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TAXATION II- Compilation of doctrines based on the syllabus of Atty.

Bobby Lock
PART II- TRANSFER TAXES
(Secs. 84 to 104 of the NIRC as implemented by Revenue Regulations (RR) No. 2-03, as amended)
I. Nature of Transfer Taxes
II. Estate Tax
A. Nature of Estate Tax
1. Definition
2. Tax Exempt Net Estate (Sec. 84)
3. Minimum and Maximum Rates (Sec. 84)
4. Accrual of Estate Tax vs. Liability for Payment (Sec. 3 of RR
No. 2-03)
B. Composition of the Gross Estate (Sec. 104) / (Sec. 4 of RR No.
2-03)
1. Residents and Citizens
2. Non-resident aliens
a) Rule on Reciprocity
Note: SEC 122
CIR vs. Campos Rueda (42 SCRA 23)
The controlling legal provision as noted is a proviso in Section
122 of the National Internal Revenue Code. It reads thus: "That no tax
shall be collected under this Title in respect of intangible personal
property (a) if the decedent at the time of his death was a resident of a
foreign country which at the time of his death did not impose a transfer
tax or death tax of any character in respect of intangible person
property of the Philippines not residing in that foreign country, or (b) if
the laws of the foreign country of which the decedent was a resident at
the time of his death allow a similar exemption from transfer taxes or
death taxes of every character in respect of intangible personal
property owned by citizens of the Philippines not residing in that
foreign country."
The fact that the laws of Tangier, Morocco, do not impose
transfer or death taxes upon intangible personal properties of our
citizens not residing therein, entitles to a reciprocal exemption similar
properties belonging to the decedent who at the time of his death

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resides in Tangiers, no matter that the latter country does not possess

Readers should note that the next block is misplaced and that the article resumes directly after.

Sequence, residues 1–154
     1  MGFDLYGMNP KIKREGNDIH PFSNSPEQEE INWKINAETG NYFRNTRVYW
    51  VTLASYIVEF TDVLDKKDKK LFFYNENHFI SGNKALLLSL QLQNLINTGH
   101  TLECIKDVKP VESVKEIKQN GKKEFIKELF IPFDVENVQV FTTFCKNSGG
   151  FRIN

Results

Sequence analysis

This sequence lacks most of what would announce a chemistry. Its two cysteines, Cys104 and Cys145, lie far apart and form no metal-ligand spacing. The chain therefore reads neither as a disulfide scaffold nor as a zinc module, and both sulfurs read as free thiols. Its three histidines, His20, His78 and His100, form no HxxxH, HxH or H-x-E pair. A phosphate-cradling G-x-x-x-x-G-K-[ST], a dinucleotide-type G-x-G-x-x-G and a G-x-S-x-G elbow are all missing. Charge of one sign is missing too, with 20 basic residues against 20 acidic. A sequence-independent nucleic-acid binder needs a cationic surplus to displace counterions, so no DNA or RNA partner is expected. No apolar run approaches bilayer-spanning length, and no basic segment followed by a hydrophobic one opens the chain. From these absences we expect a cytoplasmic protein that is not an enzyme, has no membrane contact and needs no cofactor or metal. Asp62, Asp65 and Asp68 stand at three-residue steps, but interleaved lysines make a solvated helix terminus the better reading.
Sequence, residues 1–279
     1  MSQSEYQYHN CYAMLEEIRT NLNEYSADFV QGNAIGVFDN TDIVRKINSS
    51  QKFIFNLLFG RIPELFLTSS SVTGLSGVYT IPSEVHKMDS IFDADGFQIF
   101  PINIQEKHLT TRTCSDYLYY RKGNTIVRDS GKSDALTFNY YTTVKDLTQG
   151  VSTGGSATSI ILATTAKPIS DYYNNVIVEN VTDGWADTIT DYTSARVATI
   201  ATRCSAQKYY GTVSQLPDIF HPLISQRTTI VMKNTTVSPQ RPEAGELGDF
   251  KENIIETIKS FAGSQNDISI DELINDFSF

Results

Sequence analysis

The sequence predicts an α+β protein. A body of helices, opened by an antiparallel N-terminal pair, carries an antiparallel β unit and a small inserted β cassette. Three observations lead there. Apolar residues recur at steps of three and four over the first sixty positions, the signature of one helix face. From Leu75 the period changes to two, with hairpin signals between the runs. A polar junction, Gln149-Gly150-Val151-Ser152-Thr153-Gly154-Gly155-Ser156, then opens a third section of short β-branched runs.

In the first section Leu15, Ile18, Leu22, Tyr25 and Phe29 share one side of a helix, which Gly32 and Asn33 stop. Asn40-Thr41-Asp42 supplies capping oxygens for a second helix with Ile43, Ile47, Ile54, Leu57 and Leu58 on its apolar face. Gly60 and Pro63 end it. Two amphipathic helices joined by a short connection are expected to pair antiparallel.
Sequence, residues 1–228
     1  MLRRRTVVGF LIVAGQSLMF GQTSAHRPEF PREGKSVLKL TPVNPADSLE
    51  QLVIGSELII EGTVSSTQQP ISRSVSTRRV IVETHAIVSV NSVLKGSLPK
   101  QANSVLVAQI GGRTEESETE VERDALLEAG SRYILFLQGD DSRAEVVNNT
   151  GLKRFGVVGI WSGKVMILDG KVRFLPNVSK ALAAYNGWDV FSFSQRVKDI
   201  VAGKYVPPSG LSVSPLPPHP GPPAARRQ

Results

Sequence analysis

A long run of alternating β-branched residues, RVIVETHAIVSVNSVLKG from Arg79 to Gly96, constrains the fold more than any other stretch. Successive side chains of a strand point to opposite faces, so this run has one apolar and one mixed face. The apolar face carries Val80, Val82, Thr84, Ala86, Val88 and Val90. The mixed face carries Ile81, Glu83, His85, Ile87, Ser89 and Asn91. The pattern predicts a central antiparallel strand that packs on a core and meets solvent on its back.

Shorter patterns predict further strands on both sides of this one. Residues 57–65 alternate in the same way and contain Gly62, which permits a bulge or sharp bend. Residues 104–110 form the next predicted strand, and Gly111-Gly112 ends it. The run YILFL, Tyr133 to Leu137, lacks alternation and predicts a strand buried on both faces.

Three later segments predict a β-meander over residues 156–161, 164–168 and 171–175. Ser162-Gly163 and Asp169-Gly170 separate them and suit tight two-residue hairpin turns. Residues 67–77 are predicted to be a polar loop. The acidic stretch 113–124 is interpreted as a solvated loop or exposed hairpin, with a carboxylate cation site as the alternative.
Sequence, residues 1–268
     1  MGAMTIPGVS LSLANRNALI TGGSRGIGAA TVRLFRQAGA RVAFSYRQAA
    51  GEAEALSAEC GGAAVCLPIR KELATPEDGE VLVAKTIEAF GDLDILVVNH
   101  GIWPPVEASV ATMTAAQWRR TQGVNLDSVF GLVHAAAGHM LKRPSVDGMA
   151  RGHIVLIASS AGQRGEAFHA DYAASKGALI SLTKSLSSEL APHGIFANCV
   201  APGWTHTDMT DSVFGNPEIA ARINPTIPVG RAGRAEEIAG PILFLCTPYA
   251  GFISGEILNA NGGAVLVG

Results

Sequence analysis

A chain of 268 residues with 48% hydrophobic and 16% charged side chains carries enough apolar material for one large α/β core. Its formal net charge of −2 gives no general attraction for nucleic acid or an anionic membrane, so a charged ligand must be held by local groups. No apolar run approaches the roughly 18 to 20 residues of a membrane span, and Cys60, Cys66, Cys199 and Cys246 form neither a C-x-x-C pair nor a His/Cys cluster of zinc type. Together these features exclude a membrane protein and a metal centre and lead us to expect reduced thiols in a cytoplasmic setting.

international personality in the traditional sense.
CIR vs. Fisher (1 SCRA 93)
In determining- the net taxable estate of a deceased British
subject, for purposes of the estate and inheritance taxes, where said
deceased was married to another British citizen in Manila in 1909, the
onehalf conjugal share of the surviving wife should be deducted
inasmuch as they are presumed to have adopted the system of
conjugal partnership in the absence of an ante-nuptial agreement.
Under section 122 of the Tax Code and section 13851 of the
California Inheritance Tax Law, the reciprocity must be total, that is,
with respect to transfer or death taxes of any and every character, in
the case of the Philippine law, and to legacy, succession, or death
taxes of any and every character, in the case of the California law.
Therefore, if any of the two states collects or imposes and does not
exempt any transfer, death, legacy, or succession tax of any character,
the reciprocity does not work. The shares of stock in the Philippines,
left by a deceased resident of California, are subject to the Philippine
inheritance tax. The reciprocity provisions of section 122 of the Tax
Code are not applicable because there is no total reciprocity under the
two laws.
The amount allowed under the Federal Estate Tax Law is in the
nature of a deduction and not of an exemption, regarding which
reciprocity cannot be claimed under section 122 of the Philippine Tax
Code. Nor is reciprocity allowed under the Federal Law.
For purposes of the estate and inheritance taxes, the assessed
value of real estate is considered as the fair market value only when
evidence to the contrary has not been submitted. If there is such